Top Five Monetary Policy Issues To Watch In 2017With a new year come new opportunities as well as new issues to take into consideration. Here are the five most important issues to keep an eye on in 2017.
1. Trump PresidencyThe most important issue facing monetary policy, at least in the United States, will be the incoming Trump Administration. The Federal Reserve Board of Governors is currently operating with two vacancies and has been for quite a while. With majorities in both the House and Senate, it is highly likely that President Trump will be able to successfully nominate two candidates to the Board. Depending on who he picks, that could put additional pressure on Chairman Janet Yellen to continue to raise the federal funds target rate throughout 2017.
Did Ludwig von Mises Create Today's Crony Capitalism?George Monbiot of Britain’s Guardian newspaper seems to think that Mises is indeed the progenitor of today's crony capitalism and more.
It is not Mises alone, however, who by this account is the cause of just about every imaginable contemporary scourge, from the Crash of 2008 to loneliness to obesity. It is all the “neoliberals” who schemed together from the 1930’s on, principally through the Mont Pelerin Society, to take over the world and who, we are told, succeeded beyond their wildest dreams.
Who knew, for example, that Big Money and Big Business got behind the Mont Pelerin program and used it to rationalize their exploitation of the common folk? Apparently they did this without Mises, Hayek, or Rothbard even having a clue it was happening, since the three got by on such very modest means.
Let Businesses Decide for Themselves Where to Make Their ProductsOn Monday night, Dirty Jobs host Mike Rowe joined Tucker Carlson on Fox News to discuss Ford’s and Chrysler’s respective plans to reinvest in US manufacturing. Rowe, who is a proponent of technical and skilled jobs, told Carlson, “Get a skill that’s in demand, that’s really in demand, that can’t be outsourced. Plumbers, steamfitters, pipefitters, carpenters, mechanics, those men and women right now … can pretty much write their own ticket.” Rowe is right about skilled jobs. According to the Manhattan Institute, there are around a half-million US skilled jobs that aren’t being filled. Millennials are spending their time in the college safe spaces instead of doing the “dirty jobs” which can pay well.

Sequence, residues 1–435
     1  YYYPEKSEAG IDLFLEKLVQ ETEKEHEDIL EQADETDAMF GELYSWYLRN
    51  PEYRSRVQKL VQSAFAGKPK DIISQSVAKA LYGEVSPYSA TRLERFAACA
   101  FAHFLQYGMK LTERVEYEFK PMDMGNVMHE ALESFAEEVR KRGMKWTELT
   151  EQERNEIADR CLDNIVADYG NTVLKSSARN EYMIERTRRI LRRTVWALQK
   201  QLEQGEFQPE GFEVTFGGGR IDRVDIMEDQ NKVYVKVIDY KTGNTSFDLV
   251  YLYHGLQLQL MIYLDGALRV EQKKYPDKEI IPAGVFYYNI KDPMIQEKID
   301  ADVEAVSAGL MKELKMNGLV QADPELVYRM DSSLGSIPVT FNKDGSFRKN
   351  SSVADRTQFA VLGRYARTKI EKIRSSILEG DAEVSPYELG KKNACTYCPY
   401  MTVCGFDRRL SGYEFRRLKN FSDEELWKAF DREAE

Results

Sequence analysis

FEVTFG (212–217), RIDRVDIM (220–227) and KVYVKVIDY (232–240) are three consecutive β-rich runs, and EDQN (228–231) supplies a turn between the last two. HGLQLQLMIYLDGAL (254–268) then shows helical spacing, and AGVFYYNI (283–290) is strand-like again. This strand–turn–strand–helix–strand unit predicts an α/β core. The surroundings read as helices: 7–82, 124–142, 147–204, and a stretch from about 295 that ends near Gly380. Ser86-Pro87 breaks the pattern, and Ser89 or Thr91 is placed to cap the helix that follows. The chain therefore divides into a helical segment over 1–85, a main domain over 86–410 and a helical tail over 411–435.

Mexicans Are Blaming "Neoliberalism" for Socialism's Failures
Rising gas prices come in the wake of sizable reforms to the petroleum industry in Mexico where, for decades, Petroleos Mexiocanos (Pemex) has enjoyed a monopoly on Petroleum extraction and the Mexican government has subsidized gasoline prices.
Pemex will continue to exist as a state-owned oil company, but the end of the Pemex monopoly comes at a time when the Mexican government is attempting to deal with fiscal pressures by inviting foreign investors to invest in the oil industry in Mexico. Those same fiscal pressures have also led the Mexican state to lower subsidies that have long existed to offset Mexican oil prices kept high by an inefficient and corrupt state monopoly on oil.
The Fed Needs Competition, Not RulesIn December the Federal Reserve raised interest rates for the first time in 2016, once again failing to meet its own expectations it set the year prior. Unfortunately forecasting failures at the Fed is nothing new, for years it has routinely missed on both rate hikes and GDP projections. While it’s unfair to expect Fed economists to be fortune tellers, crying wolf does have consequences. The markets have learned to take the Fed’s projections with a grain of salt, with Chairwoman Janet Yellen herself having to admit that “forward guidance”, a tool championed by her predecessor Ben Bernanke, has lost its potency.
Janet Yellen’s Bland 2017 Forecast
Conceived in Liberty: The Medieval Communes of Europe
The Omnipresent Law of Escalating Power: As True as the Law of GravityFrom the dawn of the earliest civilizations to our present days political power has shown, everywhere, a centralizing tendency. Power, in fact, tends toward perpetual expansion defeating or absorbing all weaker subjects that it encounters on the way. By feeding itself with its own victories, the strongest power always becomes stronger. This is the reason why historically, within the realm of politics, concentration of power has been the rule, while the dispersion of power the exception. During antiquity this self-feeding logic of power has nearly always prevailed. If one excludes those who have remained at a primitive stage of development, for thousands of years the great majority of people lived within vast centralized reigns, which were politically despotic and economically stagnant. The first empires arose in the land of Mesopotamia more than 6,000 years ago, and then extended to every other continent: The Sumerian, Assyrian-Babylonian, Egyptian, Persian, Macedonian, Roman, Byzantine, Russian, Arabian, Ottoman, Indian, Chinese, Mongol, Incas and Aztec. Among the few luminous exceptions that the ancient world provided were the mercantile cities of Phoenicia and the Polis of ancient Greece.